PIN1 was the first auxin efflux carrier protein identified, originally described to function in shoot-to-root auxin transport, based on its basal/root-ward location in the xylem parenchyma (Okada et al. 1991; Gälweiler et al. 1998). Later, PIN1 was also localised to the root stele, where it also predominantly reveals basal/root-ward localisation (Friml & Palme 2002; Fig. 1C). PIN2/AGR1/EIR1/WAV6 localises shoot-ward in the lateral root cap and root epidermis cells, and root-ward in the root cortex cells (Chen et al. 1998; Luschnig et al. 1998; Muller et al. 1998; Utsuno et al. 1998). Therefore, shoot-ward auxin distribution in the lower side of the root is largely repressed in the pin2 mutant during gravity stimulus, thus resulting in agravitropism. Additionally, PIN2 was found at the root-ward face of cortical cells of the meristem, and is thus thought be involved in an auxin reflux loop (Blilou et al. 2005; Wisniewska et al. 2006; Rahman et al. 2010; Fig. 1C).

PIN3 is thought to link gravity perception and lateral auxin redistribution in root gravitropism (reviewed in Michniewicz et al. 2007). PIN3 is expressed in gravity-sensing tissues, where it mainly localises uniformly in the columella cell boundaries (Friml et al. 2002). More importantly, during a gravity stimulus, PIN3 relocates to the new lower side of the columella cells, thus correlating with a downward redirection of auxin flows, which suggests that PIN3 functions in redirecting auxin fluxes to trigger asymmetric growth. PIN4 and PIN7 have partially overlapping functions with other PINs in the root tip (Fig. 1C), although their involvement in root gravitropism is less clear (Grunewald & Friml 2010).

In light of its important role in root-ward auxin transport, the absence of an obvious root phenotype for pin1 mutants and its rather intact root bending is remarkable. In principle, the same holds true for pin3 mutants that also reveal very mild gravitropic root defects (Friml et al. 2002). With the exception of the PIN2 mutant, only multiple PIN loss-of function mutants show severe gravitropic deficiencies, arguing, in light of the low degree of obvious co-location or functional redundancy between PIN isoforms (Fig. 1C), for other auxin transporters that are able to take over, at least partially, their functions.

Full-length ABC transporters of the B subclass, e.g., ABCB1 (PGP1), ABCB19 (PGP19/MDR1) and ABCB4 (PGP4), are involved in root gravitropism, as abcb1 abcb19, and abcb4 mutants show significantly reduced gravitropic responses (Noh et al. 2001; Santelia et al. 2005; Terasaka et al. 2005; Bouchard et al. 2006; Bailly et al. 2008; Fig. 1D). Bending defects in ABCB1 and ABCB19 single mutants are subtle, which is in line with their demonstrated functional redundancy (Geisler et al. 2005; Bailly et al. 2008); however, they reveal altered early bending kinetics (Bailly et al. 2008). Root bending defects correlate with gradually reduced auxin efflux, transport and gradient capacities (Geisler et al. 2005; Bouchard et al. 2006; Bailly et al. 2008; Fig. 2). The direct involvement of ABCB-mediated auxin transport in PAT, and thus in root gravitropism, suggests that polar locations of these transporters are not an absolute requirement because ABCB1, 4 and 19 show only a low degree of cellular polarity (Geisler et al. 2005; Terasaka et al. 2005; Mravec et al. 2009). Vectorial auxin transport by ABCBs might therefore involve functional interaction with other ABCB interacting components, such as PINs (Blakeslee et al. 2007) or TWISTED DWARF1 (TWD1; Geisler et al. 2003; Bailly et al. 2008; Wu et al. 2010; Wang et al. 2013), revealing them as having a higher degree of polarity. A current study suggests that lateral auxin transport into the epidermal apoplast might be specifically triggered by plasma membrane interactions between non-polar ABCB1 and laterally expressed TWD1 (Wang et al. 2013).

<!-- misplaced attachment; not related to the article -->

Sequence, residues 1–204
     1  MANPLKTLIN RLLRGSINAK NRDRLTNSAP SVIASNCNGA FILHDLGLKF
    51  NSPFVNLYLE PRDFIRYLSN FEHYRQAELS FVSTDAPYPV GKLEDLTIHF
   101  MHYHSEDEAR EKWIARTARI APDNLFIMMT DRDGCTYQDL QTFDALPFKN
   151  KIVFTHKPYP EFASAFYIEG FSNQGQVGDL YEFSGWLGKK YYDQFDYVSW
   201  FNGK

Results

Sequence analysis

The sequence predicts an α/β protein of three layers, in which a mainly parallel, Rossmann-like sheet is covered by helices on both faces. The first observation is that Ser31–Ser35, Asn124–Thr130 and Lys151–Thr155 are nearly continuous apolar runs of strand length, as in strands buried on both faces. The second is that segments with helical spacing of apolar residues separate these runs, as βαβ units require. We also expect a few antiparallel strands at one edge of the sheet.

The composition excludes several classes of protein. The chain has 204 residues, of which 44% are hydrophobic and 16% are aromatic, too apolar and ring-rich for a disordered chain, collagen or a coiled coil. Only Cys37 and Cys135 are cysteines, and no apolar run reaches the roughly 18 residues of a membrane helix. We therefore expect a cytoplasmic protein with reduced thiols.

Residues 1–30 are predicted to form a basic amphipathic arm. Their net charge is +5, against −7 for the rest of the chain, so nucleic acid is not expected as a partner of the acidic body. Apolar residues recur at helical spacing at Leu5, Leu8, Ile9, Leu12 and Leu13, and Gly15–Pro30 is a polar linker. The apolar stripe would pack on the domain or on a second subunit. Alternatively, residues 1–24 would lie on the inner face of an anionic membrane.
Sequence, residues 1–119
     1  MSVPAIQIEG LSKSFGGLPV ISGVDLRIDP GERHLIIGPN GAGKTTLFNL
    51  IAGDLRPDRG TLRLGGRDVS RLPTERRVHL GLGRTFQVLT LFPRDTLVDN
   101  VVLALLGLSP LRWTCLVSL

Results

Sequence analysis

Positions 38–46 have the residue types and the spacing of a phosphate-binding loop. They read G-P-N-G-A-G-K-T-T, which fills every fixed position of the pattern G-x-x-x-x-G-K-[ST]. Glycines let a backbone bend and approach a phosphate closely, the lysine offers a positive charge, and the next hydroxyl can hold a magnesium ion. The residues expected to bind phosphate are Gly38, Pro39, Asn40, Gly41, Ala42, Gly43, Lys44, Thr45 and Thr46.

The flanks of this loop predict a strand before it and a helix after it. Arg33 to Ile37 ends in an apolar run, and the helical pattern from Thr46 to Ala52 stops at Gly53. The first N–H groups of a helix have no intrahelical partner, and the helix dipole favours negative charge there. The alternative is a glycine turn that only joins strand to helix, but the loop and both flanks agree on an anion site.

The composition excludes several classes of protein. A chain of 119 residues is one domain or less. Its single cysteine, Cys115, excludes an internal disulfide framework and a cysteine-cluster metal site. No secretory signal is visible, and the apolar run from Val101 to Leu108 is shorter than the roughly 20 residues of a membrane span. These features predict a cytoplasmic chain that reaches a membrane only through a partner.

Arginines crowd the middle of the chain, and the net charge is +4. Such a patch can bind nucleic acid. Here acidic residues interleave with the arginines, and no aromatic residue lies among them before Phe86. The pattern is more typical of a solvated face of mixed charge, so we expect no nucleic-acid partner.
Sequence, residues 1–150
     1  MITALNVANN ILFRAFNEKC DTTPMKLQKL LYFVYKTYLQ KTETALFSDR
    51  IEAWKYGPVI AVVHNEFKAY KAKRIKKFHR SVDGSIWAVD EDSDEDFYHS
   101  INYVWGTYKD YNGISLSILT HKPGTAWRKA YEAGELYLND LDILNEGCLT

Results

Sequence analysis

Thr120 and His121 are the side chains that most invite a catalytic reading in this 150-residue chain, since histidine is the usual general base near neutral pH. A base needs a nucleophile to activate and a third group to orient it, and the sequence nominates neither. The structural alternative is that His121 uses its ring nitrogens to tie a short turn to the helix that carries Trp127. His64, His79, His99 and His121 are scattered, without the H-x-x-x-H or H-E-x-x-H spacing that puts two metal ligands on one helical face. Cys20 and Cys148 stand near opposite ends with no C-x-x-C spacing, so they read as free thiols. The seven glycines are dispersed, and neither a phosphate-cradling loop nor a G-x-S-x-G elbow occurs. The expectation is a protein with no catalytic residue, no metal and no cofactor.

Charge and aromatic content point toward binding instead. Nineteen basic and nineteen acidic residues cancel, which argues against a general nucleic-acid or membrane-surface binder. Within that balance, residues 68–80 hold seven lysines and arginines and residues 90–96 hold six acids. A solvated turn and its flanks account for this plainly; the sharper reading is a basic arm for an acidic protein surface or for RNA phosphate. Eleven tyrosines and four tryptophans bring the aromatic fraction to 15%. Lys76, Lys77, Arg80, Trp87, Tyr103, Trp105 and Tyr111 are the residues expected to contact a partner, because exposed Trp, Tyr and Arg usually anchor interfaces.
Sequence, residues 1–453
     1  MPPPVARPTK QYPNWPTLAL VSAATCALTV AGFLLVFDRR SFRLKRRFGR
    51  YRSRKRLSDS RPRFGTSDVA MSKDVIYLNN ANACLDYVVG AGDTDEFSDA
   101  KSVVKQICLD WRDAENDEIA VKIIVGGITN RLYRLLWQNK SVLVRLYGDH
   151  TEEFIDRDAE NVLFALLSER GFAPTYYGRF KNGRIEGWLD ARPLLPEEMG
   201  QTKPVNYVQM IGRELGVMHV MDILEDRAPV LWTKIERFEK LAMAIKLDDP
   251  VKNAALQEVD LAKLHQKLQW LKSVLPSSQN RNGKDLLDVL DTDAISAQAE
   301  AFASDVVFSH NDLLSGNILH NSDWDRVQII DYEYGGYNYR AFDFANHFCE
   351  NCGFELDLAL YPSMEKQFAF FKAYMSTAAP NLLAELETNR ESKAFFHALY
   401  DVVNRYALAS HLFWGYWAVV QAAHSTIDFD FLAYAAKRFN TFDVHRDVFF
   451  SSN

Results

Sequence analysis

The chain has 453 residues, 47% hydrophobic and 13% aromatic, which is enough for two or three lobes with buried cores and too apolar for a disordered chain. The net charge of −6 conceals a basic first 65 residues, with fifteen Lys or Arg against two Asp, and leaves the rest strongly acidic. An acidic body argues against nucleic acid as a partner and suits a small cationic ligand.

In summary, it appears that ABCB expression and functionality correlates with small meristematic cells with high auxin content, where they function in avoiding apoplastic reflux (Wang et al. 2013). Nevertheless, they still function in long-range transport of auxin, as the described abcb mutants show defects in their content (Geisler et al. 2005; Geisler & Murphy 2006; Matsuda et al. 2011; Fig. 1D).

Interestingly, ABCB4 and its closest homologue, ABCB21 (Kamimoto et al. 2012), have recently been demonstrated to function as facultative IAA importers/exporters triggered by cytoplasmic auxin concentrations (Kamimoto et al. 2012; Kubeš et al. 2012). Import directionalities under low cytoplasmic IAA concentrations suggest a functional overlap with AUX1/LAX importers; however, in contrast to ABCB–PIN interactions, no such functional analogy has been found between tested ABCBs and AUX1 (Blakeslee et al. 2007).

Auxin transport inhibitors, with NPA being the most wildly used, have been successfully employed for demonstrating that polar auxin transport forms the basis of root gravitropism (Rashotte et al. 2000; see above). NPA, a non-competitive auxin efflux inhibitor, prevents the asymmetric distribution of DR5 signals and root gravitropism (Rashotte et al. 2001; Bailly et al. 2008). ABCB1, ABCB4 and ABCB19 proteins were identified as high-affinity NPA-binding site-associated proteins (Murphy et al. 2002; Geisler et al. 2003; Terasaka et al. 2005), and ABCB-mediated auxin efflux is NPA-sensitive (Geisler et al. 2005; Kim et al. 2010; Kamimoto et al. 2012). This suggests that NPA binds ABCBs directly, or/and other proteins, to inhibit ABCB-driven auxin transport, thus affecting root gravitropism. A good candidate to convert an NPA effect on ABCBs is TWD1, which itself was shown to bind NPA (Bailly et al. 2008). Further, NPA was shown to disrupt TWD1–ABCB1 interaction (Bailly et al. 2008). The findings that PIN proteins most probably do not bind NPA or the related inhibitor BUM (Kim et al. 2010), nor are they directly inhibited by NPA in an ABCB-free system, support further functional ABCB–PIN interactions.